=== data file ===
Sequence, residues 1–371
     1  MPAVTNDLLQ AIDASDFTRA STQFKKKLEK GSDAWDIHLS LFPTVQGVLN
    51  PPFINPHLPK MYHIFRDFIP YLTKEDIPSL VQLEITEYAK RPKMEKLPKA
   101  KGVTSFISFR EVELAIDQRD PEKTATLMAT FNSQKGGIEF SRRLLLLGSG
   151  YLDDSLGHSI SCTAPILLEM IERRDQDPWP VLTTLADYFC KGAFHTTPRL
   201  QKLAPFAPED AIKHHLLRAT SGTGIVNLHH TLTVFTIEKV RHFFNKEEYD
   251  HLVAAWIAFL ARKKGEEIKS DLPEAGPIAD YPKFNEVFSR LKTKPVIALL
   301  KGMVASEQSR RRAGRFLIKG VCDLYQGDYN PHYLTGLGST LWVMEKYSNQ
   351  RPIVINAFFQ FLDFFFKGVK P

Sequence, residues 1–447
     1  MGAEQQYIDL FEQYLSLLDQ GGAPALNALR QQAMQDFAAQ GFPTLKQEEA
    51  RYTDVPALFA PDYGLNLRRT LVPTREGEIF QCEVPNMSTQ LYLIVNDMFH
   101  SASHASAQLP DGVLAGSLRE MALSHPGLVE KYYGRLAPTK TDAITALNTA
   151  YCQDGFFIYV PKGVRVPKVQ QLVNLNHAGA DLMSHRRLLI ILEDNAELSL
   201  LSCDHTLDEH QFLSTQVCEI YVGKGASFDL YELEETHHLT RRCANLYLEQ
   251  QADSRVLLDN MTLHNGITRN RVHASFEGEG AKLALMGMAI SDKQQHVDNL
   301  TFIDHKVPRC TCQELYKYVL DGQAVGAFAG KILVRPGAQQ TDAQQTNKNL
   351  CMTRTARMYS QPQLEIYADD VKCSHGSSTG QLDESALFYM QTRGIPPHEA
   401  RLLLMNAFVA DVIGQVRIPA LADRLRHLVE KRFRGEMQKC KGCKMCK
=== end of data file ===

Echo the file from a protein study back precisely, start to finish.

Sequence, residues 1–371
     1  MPAVTNDLLQ AIDASDFTRA STQFKKKLEK GSDAWDIHLS LFPTVQGVLN
    51  PPFINPHLPK MYHIFRDFIP YLTKEDIPSL VQLEITEYAK RPKMEKLPKA
   101  KGVTSFISFR EVELAIDQRD PEKTATLMAT FNSQKGGIEF SRRLLLLGSG
   151  YLDDSLGHSI SCTAPILLEM IERRDQDPWP VLTTLADYFC KGAFHTTPRL
   201  QKLAPFAPED AIKHHLLRAT SGTGIVNLHH TLTVFTIEKV RHFFNKEEYD
   251  HLVAAWIAFL ARKKGEEIKS DLPEAGPIAD YPKFNEVFSR LKTKPVIALL
   301  KGMVASEQSR RRAGRFLIKG VCDLYQGDYN PHYLTGLGST LWVMEKYSNQ
   351  RPIVINAFFQ FLDFFFKGVK P

Sequence, residues 1–447
     1  MGAEQQYIDL FEQYLSLLDQ GGAPALNALR QQAMQDFAAQ GFPTLKQEEA
    51  RYTDVPALFA PDYGLNLRRT LVPTREGEIF QCEVPNMSTQ LYLIVNDMFH
   101  SASHASAQLP DGVLAGSLRE MALSHPGLVE KYYGRLAPTK TDAITALNTA
   151  YCQDGFFIYV PKGVRVPKVQ QLVNLNHAGA DLMSHRRLLI ILEDNAELSL
   201  LSCDHTLDEH QFLSTQVCEI YVGKGASFDL YELEETHHLT RRCANLYLEQ
   251  QADSRVLLDN MTLHNGITRN RVHASFEGEG AKLALMGMAI SDKQQHVDNL
   301  TFIDHKVPRC TCQELYKYVL DGQAVGAFAG KILVRPGAQQ TDAQQTNKNL
   351  CMTRTARMYS QPQLEIYADD VKCSHGSSTG QLDESALFYM QTRGIPPHEA
   401  RLLLMNAFVA DVIGQVRIPA LADRLRHLVE KRFRGEMQKC KGCKMCK